Top-down policies and practices are not only ineffective; they perpetuate colonization. We must firmly shut the door on processes that purport to “bestow upon” Indigenous peoples’ inalienable human rights that are inherently possessed.

Recommendations rooted in the truths, expertise, and self-determination of First Nations, Inuit, and Metis women, girls, and Two-Spirit people from diverse communities.

Photo of an Indigenous woman with a black painted handprint across her mouth holding a sign that reads "Indigenous womxn will lead us forward." In the background you can see other people behind holding signs in the crowd.
Photo Credit: Dulcey Lima on Unsplash
The Inquiry heard from many witnesses who spoke to the ways in which interpersonal and systemic violence against Indigenous women, girls, and Two-Spirit people occurs across multiple dimensions and intersections of gender, race, and insecurity.

Indigenous women’s, girls, and Two-Spirit people’s lived experience, courage, resilience, agency, and strength must be the driving force behind the Inquiry’s recommendations.

An onus on data-collecting institutions to disaggregate the data they collect.

It was abundantly clear in the evidence before the Inquiry that current data collection practices contribute to the erasure of Indigenous women, girls, and Two-Spirit people. These practices obscure the significant differences in experience across Indigenous communities and flatten the actual, intersecting facets of experience, capabilities, and needs.

 

The work to dismantle state and settler complicity in gendered, colonial harms is needed right here in our communities.

 

Instead, meaningful data is necessary to address the root causes of violence and to provide safe, culturally-relevant, and sustainable services.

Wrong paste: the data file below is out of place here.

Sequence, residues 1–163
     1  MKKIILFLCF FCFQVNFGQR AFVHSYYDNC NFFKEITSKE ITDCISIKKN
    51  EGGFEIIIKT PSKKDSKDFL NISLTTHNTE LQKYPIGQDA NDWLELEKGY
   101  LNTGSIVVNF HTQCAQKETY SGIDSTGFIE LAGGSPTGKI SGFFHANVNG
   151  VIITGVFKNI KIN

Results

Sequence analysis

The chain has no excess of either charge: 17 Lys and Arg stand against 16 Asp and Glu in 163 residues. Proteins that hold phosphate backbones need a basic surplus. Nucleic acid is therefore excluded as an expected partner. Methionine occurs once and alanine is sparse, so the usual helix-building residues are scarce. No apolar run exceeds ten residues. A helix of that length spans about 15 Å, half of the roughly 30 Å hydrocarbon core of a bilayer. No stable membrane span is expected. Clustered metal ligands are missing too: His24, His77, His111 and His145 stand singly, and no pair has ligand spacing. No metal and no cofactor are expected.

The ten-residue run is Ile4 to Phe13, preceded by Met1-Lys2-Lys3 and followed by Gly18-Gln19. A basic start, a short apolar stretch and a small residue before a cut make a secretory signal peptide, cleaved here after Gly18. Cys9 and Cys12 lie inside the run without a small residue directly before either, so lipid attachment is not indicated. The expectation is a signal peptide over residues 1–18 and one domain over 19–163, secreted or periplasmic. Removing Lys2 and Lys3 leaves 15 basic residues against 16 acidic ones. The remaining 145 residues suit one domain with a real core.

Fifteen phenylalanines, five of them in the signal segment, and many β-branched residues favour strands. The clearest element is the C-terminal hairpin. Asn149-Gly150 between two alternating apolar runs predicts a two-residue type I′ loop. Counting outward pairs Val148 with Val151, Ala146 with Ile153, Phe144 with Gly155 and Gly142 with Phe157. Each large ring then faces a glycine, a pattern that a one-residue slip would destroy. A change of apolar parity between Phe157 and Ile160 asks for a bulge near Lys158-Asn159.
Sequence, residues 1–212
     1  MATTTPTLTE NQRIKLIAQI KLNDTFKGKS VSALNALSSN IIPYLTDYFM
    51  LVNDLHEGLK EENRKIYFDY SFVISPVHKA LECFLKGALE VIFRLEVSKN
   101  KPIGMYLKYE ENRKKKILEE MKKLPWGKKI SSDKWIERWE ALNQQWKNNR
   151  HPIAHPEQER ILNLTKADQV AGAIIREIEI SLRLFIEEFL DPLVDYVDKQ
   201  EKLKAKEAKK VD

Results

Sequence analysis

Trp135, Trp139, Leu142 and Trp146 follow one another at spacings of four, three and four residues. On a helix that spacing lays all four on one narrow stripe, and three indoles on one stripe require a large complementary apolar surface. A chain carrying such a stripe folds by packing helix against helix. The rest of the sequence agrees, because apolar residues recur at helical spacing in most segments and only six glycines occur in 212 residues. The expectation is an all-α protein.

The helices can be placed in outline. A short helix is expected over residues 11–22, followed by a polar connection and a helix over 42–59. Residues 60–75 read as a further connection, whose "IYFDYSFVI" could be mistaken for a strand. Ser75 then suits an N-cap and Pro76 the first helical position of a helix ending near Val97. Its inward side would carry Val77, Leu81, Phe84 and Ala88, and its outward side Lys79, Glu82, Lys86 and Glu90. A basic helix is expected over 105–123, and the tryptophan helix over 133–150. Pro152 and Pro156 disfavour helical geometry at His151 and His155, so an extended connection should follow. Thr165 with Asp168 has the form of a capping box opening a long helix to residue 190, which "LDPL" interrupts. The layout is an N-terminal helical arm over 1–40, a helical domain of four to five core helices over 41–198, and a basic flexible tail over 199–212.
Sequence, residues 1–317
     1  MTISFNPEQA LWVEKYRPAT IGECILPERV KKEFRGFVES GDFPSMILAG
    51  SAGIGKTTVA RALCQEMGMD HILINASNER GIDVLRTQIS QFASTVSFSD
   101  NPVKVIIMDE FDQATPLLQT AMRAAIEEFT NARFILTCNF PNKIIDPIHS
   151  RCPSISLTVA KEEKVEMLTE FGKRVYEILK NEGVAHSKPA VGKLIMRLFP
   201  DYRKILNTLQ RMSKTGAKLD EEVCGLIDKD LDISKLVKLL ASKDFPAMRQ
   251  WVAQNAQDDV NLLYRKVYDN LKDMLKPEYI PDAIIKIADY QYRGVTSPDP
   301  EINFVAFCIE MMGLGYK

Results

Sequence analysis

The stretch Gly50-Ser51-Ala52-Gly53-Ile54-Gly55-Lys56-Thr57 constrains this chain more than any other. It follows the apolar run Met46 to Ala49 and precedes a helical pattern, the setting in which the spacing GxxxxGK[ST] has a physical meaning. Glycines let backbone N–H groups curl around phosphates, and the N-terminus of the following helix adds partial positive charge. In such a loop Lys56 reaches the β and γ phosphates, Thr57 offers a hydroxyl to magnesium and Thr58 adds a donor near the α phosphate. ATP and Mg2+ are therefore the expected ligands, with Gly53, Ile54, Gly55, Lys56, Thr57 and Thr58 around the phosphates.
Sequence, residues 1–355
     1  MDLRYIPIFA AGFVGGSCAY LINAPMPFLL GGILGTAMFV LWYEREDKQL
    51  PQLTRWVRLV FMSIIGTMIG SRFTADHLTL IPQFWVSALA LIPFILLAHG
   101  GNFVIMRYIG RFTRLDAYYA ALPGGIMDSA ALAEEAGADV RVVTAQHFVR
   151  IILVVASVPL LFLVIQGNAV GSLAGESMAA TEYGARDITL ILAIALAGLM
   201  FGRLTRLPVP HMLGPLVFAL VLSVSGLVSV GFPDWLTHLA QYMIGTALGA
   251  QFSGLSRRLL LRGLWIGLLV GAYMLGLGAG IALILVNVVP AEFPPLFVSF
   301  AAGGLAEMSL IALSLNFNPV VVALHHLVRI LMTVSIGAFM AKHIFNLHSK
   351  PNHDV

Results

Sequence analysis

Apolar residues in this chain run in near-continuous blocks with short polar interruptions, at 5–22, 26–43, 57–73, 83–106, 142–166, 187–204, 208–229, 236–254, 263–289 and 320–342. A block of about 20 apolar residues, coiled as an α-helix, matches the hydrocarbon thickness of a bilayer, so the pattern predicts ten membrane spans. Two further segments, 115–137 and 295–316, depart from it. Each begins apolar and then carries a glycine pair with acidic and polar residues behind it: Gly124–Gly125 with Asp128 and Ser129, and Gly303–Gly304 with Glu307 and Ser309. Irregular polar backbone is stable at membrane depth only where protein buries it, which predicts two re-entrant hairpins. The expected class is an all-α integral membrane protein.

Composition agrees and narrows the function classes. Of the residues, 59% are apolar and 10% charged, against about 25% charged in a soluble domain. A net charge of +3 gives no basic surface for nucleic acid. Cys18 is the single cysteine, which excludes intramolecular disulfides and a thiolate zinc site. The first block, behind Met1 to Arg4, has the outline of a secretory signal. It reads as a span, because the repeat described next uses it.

Indigenous jurisdiction over child welfare accompanied by strong supports for Indigenous families, communities, organizations, children, and youth.

At nearly every hearing, the Inquiry heard about the intergenerational and ongoing harms arising from the state’s removal of Indigenous children and youth. There are now more Indigenous children in government care than during the peak of residential schooling.

Red Women Rising, a report recently released by the Downtown Eastside Women’s Centre centres the voices of Indigenous women in understanding the many ways in which BC’s child protection regime devastates Indigenous families. Far from doing no harm and supporting the “best interests of the child,” oppressive systems masked as “protection,” “welfare,” or “aid” are themselves the cause of great suffering, trauma, violence, and death.

A system premised on the view that Indigenous caregiving is harmful is nothing more than mandated racism. As one participant in the Red Women Rising report puts it, “My family is not traumatizing, it’s forced family separation that is traumatizing.” (Red Women Rising Report, I am Robin Raweater, p. 109).

Photo of a group of Indigenous women and children in traditional clothing walking in a march. A woman in a blue shirt with a walking stick, holds a sign that reads "my Moms, sisters, Aunties and Grandmas are Sacred" A little boy is holding on to the sign.
Photo Credit: Dulcey Lima on Unsplash
These are some of the recommendations and principles we hope the Inquiry will deliver in its final report.

I have some (small) hope that the Inquiry’s path to progress won’t be stymied by elected officials more interested in toasting Canada’s reputation abroad with the international community. The work to dismantle state and settler complicity in gendered, colonial harms is needed right here in our communities.

The onus lies on all of us, especially those like me, who work within and through the colonial legal system, to transform relationships with Indigenous people, communities and Nations.

Photo of an abalone smudge bowl burning sage and lavender on a wood floor
Photo Credit: Sharnelle Jenkins-Thompson

Raji Mangat is Director of Litigation at West Coast LEAF. She’s a settler born and raised in Treaty 8 territory (northern Alberta) and committed to having un-settling (in all senses of the word) conversations with her family. In her free time, she’s an aspiring potter, devotee of the public library, and super picky about pens.

Questions? Feedback? Email us at blog@westcoastleaf.org